- The Washington Times - Tuesday, March 22, 2016

Reactions by U.S. presidential candidates to the horrific bomb attacks Tuesday in Brussels revealed a stark contrast in how the political parties respond to radical Islamic terrorism, as Democrats pledged resolve but offered few details for advancing the fight and Republicans laid out concrete plans for a security crackdown on U.S. borders.

Democratic presidential front-runner Hillary Clinton set the tone for her party by offering thoughts, prayers and a refusal to be intimidated in the face of coordinated terrorist attacks that killed at least 31 people at the Brussels airport and a subway station.

“Today’s attacks will only strengthen our resolve to stand together as allies and defeat terrorism and radical jihadism around the world,” Mrs. Clinton said in a statement.

The rhetoric of solidarity and resolve helped keep Mrs. Clinton on the foreign policy course set by President Obama, whom she served as secretary of state for four years.

Matt A. Mayer, a homeland security and counterterrorism analyst who is a visiting fellow at the conservative American Enterprise Institute, described Mrs. Clinton’s response to the terrorist attack as “plain vanilla.”

“Any time there is an attack, this is what you say as a politician,” he said. “I would consider to be the standard, general ‘we support Europe and we’re going to beat the bad guys’ response.”

Mrs. Clinton’s long-shot challenger for the nomination, Sen. Bernard Sanders of Vermont, echoed her sentiments. He offered “deepest condolences” and promised to stand with European allies in the fight against terrorism.

“This type of barbarism cannot be allowed to continue,” Mr. Sanders declared.

Meanwhile, Republican front-runner Donald Trump doubled down on his call for a temporary ban on Muslims entering the United States until law enforcement officials figure out how to identify radical Islamic terrorists. He was referring specifically to terrorists from the Islamic State group, also known as ISIS, which claimed responsibility for the Brussels attacks.

“This is just the beginning. It will get worse and worse, because we are lax and we are foolish,” Mr. Trump said on Fox News. “At this point, we can’t allow these people to come into the country. I’m sorry.”

Mr. Trump first proposed the ban after a husband-and-wife team inspired by the Islamic State killed 12 people in San Bernardino, California, on the heels of Islamic State attacks in Paris in November that killed 130 people.

Sen. Ted Cruz of Texas also called for get-tough measures on U.S. borders, though he stopped short of endorsing Mr. Trump’s ban on Muslims entering the U.S., which has been denounced on both the right and the left as un-American.

“We need to immediately halt the flow of refugees from countries with a significant al Qaeda or ISIS presence. We need to empower law enforcement to patrol and secure Muslim neighborhoods before they become radicalized,” said Mr. Cruz, who is Mr. Trump’s chief rival for the Republican presidential nomination.

“We need to secure the southern border to prevent terrorist infiltration. And we need to execute a coherent campaign to utterly destroy ISIS,” he said. “The days of the United States voluntarily surrendering to the enemy to show how progressive and enlightened we are are at an end. Our country is at stake.”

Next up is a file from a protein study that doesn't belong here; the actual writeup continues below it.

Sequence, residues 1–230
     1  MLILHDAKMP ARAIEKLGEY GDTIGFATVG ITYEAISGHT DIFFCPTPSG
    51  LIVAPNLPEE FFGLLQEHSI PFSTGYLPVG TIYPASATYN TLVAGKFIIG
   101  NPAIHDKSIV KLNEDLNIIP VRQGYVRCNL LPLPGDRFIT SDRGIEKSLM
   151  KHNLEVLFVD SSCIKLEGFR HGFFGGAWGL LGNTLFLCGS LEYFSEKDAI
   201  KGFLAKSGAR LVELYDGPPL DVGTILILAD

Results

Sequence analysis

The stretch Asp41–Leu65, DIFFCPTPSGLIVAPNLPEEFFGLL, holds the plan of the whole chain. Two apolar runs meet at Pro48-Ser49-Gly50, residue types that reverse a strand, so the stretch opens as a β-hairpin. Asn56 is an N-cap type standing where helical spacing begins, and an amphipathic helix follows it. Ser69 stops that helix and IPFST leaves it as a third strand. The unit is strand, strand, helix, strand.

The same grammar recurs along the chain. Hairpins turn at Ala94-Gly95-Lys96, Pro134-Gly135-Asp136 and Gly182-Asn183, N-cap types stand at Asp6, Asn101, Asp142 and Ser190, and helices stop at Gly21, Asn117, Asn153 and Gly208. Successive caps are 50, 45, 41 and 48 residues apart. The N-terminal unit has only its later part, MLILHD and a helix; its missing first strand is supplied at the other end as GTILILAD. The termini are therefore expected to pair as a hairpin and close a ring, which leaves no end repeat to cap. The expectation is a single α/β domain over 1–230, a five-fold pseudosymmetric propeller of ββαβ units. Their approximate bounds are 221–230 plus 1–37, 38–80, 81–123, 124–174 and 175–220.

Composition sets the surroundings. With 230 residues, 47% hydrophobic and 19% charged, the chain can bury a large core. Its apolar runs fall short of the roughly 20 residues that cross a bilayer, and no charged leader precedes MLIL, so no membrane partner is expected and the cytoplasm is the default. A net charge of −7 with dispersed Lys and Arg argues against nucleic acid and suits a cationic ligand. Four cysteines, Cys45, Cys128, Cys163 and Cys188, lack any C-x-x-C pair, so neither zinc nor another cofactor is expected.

Mr. Cruz and Ohio Gov. John Kasich, a fellow Republican presidential hopeful, also used the attack as a pretext to slam Mr. Trump’s foreign policy stances. They described Mr. Trump’s proposal to reduce U.S. involvement in NATO as a retreat from global leadership.

Brian Katulis, a senior fellow at the left-leaning Center for American Progress who specializes in national security strategy and counterterrorism policy, dismissed the Republican reactions as “erratic and tending toward fearmongering.”

The attacks on Mr. Trump, he said, resembled a “circular firing squad.”

Mr. Katulis said the response from Mrs. Clinton was more political.

“On the Democratic side, you are hearing a message of steady resolve and resilience and we are strong enough to stay true to who we are, meaning we don’t have to demonize certain religions or certain people,” Mr. Katulis said.

Mrs. Clinton fleshed out her response to the Brussels attacks during an interview on CNN. She proposed cutting off the flow of foreign fighters into Syria, working with Muslim countries to stabilize the Middle East and North Africa, and creating a global “If you see something, say something” campaign.

Mrs. Clinton also advocated tighter controls and monitoring of the Internet.

“You can put walls around your country, but you can’t keep out the Internet,” she said.

Still, Mr. Mayer said the visceral response from Mr. Trump was more likely to strike a chord with voters and helped explain why he is winning the Republican presidential race.

“People are worried and anxious and afraid, and so he starts tapping into that base human-nature fear reaction,” said the AEI scholar. “He says stuff that you and I may disagree with, some of the substance of it, but it’s hard not to say he’s tapping into Main Street America.”

Mr. Mayer said the different responses from Mr. Trump and Mrs. Clinton bode well for the real estate tycoon in a general election matchup.

“That relates to her generalities and all her inability on the left to really focus on this issue because they are too concerned with being politically correct,” he said. “It will allow him to essentially assuage the fears that Americans increasingly have as these attacks continue.”

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